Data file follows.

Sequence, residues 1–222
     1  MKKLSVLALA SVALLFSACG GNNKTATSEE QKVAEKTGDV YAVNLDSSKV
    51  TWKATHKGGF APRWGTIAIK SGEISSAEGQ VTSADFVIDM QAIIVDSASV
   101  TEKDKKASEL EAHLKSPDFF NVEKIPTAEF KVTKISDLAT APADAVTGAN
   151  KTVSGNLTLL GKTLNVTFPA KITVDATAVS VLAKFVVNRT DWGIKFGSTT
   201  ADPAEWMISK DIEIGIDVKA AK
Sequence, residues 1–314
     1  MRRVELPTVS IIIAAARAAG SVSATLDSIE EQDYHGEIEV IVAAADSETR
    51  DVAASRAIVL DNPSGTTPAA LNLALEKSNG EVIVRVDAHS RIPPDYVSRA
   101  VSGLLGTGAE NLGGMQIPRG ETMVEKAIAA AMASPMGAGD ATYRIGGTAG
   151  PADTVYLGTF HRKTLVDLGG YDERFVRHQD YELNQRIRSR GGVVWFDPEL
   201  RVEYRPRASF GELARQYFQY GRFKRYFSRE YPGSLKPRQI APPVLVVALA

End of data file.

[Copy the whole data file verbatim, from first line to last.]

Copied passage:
Sequence, residues 1–222
     1  MKKLSVLALA SVALLFSACG GNNKTATSEE QKVAEKTGDV YAVNLDSSKV
    51  TWKATHKGGF APRWGTIAIK SGEISSAEGQ VTSADFVIDM QAIIVDSASV
   101  TEKDKKASEL EAHLKSPDFF NVEKIPTAEF KVTKISDLAT APADAVTGAN
   151  KTVSGNLTLL GKTLNVTFPA KITVDATAVS VLAKFVVNRT DWGIKFGSTT
   201  ADPAEWMISK DIEIGIDVKA AK
Sequence, residues 1–314
     1  MRRVELPTVS IIIAAARAAG SVSATLDSIE EQDYHGEIEV IVAAADSETR
    51  DVAASRAIVL DNPSGTTPAA LNLALEKSNG EVIVRVDAHS RIPPDYVSRA
   101  VSGLLGTGAE NLGGMQIPRG ETMVEKAIAA AMASPMGAGD ATYRIGGTAG
   151  PADTVYLGTF HRKTLVDLGG YDERFVRHQD YELNQRIRSR GGVVWFDPEL
   201  RVEYRPRASF GELARQYFQY GRFKRYFSRE YPGSLKPRQI APPVLVVALA